GrIP is a graph-based post processing framework aimed towards flexibly improving visual quality in virtual environments while keeping the performance hit low.
Post processing of image data is one possibility of achieving an improved image quality. Available methods cover filters for changing brightness and contrast as well as scaling algorithms based on different concepts. Adding data like depth or normal values to the original image information leads to a large amount of new possibilities for post processing. Based on a combination of these information, it is e.g. possible to approximate illumination effects in screen space, which are usually calculated using physically based methods like path tracing. Also, it is possible to use depth information for simulation of depth of field or fog effects. Many other – artistic as well as realistic – effects are available, supporting the observer’s perception or enhancing the visual attractiveness of images.
The project’s goal was the implementation of a graph-based framework for post processing filters, which is now called GrIP (Graph-based Image Processing). This means that compatible filters can be arranged and connected in a directed, acyclic graph. The construction of whole filter graphs is thus possible through an external interface, avoiding the necessity of a recompilation cycle after changes in post processing. Filter graphs are implemented as XML files containing a collection of filter nodes with their parameters as well as linkage/dependency information.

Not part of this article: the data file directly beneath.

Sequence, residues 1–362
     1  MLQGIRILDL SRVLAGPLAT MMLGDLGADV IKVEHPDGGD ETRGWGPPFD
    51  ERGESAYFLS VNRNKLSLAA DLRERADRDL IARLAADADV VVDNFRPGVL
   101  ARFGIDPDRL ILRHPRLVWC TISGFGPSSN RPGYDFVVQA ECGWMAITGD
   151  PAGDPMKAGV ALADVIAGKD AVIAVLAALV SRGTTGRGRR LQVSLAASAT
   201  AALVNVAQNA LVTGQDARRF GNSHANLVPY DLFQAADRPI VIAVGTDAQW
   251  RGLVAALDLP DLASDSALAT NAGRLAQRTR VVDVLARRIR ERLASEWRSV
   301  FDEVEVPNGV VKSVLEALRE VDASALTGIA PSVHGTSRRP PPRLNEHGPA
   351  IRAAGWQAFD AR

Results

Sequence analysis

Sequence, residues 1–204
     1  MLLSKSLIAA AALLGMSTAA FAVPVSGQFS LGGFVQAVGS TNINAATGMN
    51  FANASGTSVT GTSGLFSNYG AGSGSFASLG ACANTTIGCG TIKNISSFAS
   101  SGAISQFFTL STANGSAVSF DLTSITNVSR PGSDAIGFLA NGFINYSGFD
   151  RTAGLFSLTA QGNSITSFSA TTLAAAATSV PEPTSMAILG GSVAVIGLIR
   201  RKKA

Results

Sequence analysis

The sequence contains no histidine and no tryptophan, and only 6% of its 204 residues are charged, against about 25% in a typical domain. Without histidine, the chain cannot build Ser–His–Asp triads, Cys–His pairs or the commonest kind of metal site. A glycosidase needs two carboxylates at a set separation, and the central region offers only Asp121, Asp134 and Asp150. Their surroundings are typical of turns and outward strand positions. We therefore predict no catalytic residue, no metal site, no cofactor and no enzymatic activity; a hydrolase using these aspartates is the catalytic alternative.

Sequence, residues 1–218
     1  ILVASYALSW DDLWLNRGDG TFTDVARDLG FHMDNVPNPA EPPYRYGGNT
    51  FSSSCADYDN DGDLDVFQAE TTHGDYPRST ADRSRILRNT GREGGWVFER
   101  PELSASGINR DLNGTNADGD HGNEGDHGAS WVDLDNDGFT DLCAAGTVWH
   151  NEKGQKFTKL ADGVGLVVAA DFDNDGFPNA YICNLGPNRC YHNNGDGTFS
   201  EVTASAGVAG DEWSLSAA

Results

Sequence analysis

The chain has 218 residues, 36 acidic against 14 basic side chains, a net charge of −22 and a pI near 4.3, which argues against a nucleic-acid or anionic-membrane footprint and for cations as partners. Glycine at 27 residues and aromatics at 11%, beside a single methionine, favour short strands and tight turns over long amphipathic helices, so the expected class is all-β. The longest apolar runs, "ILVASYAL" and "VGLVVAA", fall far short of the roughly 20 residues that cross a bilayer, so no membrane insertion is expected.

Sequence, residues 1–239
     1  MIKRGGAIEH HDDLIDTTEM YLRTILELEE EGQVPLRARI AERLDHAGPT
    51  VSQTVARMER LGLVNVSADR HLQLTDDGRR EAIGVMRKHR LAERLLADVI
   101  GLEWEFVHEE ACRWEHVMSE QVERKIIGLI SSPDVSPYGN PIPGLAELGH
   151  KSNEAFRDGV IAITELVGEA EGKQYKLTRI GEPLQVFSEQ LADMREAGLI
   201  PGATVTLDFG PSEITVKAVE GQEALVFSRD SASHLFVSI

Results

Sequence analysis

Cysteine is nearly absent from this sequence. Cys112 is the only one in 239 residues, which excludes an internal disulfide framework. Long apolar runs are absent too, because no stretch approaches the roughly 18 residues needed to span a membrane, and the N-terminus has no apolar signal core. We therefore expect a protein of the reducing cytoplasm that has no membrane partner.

Another goal was the system’s extensibility, so that new filter nodes could be developed and used in GrIP easily. This is done by providing a plugin system which loads filters dynamically at runtime, while each filter is responsible for getting its owm parameterization from the framework. The latter is achieved by passing an instance of a wrapper class to each called node, wrapping the concrete graph information into a uniform interface, so other representations besides XML are also possible to implement by just programming to the wrapper’s interface. All nodes were to be developed so that they are applicable in interactive applications and therefore executable at real-time frame rates. For this reason, NVIDIA CUDA was used for the proof-of-concept implementation of filter nodes.
A visualization component for filter graphs was implemented, as well as a second GUI component which consists of automatically generated sliders for value manipulation. This is useful for testing newly implemented filters as well as finding good combinations of parameters when a specific output result is desired.
Results are shown in figures 1 to 5. Fig. 1 shows a combination of depth darkening, depth of field and a slight fog effect, applied to a hardware rendered image. Fig. 2 shows the according parameterization of the filter nodes. In fig. 3, a code snippet of the XML-based graph representation is shown, while fig. 4 shows the according visualization of the nodes, also incorporating a loop.
Figure 5 shows a path-traced image of the same scene as in figure 1. Tonemapping, gamma correction and the application of a slight bloom effect are all performed with GrIP-based filters here, which make them freely parameterizable by the user. Note that GrIP is completely independent of the application it is used with. The application used in figure 1 is an OpenSceneGraph-based model viewer, while the application in figure 5 is an “NVIDIA OptiX”-based path tracer.